Sizemodo and Sound Check: New Bose SoundDock Portable vs. Original SoundDock (Verdict: New One Bigger, Rocks Harder)S

The most startling thing about the new Bose SoundDock Portable is that it's bigger than its forebear (though thankfully not heavier). The least startling thing about it is that it sounds better than the original.

Sizemodo and Sound Check: New Bose SoundDock Portable vs. Original SoundDock (Verdict: New One Bigger, Rocks Harder)S

If you look at the profile, especially, you can see that the SoundDock Portable stands about half an inch taller than the original. It has a slimmer look from the side, but there is a ridge down the back. I have to say, however much a lover or hater you are of Bose, the new machine is a vast improvement, even aside from portability:

• The old SoundDock hisses audibly when an iPod is docked, and gets louder when the volume is up. The new Portable has licked the problem almost completely. There's a very faint hiss when you put your ear to it that won't change regardless of the volume setting.

• The auxiliary input is key. For some apartment dwellers, this might be their whole sound system, and being able to plug in other stuff (satellite radio, CD/DVD player, etc.) really matters. I always assumed Bose avoided Aux In because it might mean lost sales opportunities. I suppose, now that the new SoundDock costs $100 more, Bose is willing to take that risk.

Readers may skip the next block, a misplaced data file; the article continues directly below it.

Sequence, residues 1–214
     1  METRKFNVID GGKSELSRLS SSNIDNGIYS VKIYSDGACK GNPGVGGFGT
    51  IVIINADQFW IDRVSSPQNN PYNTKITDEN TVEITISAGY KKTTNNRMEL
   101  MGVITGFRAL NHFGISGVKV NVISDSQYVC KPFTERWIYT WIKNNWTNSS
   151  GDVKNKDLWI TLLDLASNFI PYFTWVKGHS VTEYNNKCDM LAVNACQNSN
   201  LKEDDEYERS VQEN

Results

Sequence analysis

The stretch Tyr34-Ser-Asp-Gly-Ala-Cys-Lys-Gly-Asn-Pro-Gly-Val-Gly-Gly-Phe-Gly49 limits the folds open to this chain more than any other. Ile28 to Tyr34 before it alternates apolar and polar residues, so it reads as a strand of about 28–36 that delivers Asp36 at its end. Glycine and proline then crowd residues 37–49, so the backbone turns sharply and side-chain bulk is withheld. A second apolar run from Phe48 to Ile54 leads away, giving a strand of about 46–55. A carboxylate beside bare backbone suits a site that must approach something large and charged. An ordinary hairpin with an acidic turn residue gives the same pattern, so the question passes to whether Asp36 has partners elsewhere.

• The new remote is better built, with more substantial buttons, including two additional ones dedicated to skipping from one playlist to the next. As a playlist kind of guy, I like this.

Sizemodo and Sound Check: New Bose SoundDock Portable vs. Original SoundDock (Verdict: New One Bigger, Rocks Harder)S

• The sound comparison was the most telling. The previous SoundDock has notoriously suffered from a fairly weak stereo image, not enough midrange and a lack of sonic resolution. Bose has definitely read all of the commentary, because those are the three areas that have been improved. The bass levels are about the same, but at higher volumes you get a much richer sound with the Portable, a much more open stereo feel, and a sense of coherence and clarity that you just don't get on the original. In fact, when I was doing side-by-side comparisons, it occasionally sounded like the original SoundDock was playing from the bottom of a well.

I will acknowledge here that I haven't tested the SoundDock Portable against any docks from other makers, and it may be a while before Mark Wilson is up for another Sweet Sixteen. In the meantime, at the very least it's good to know that the extra $100 isn't just for the lithium-ion battery—which I probably wouldn't make any use of—but for a much improved device overall. It really should be called, simply, SoundDock II. [Original Story]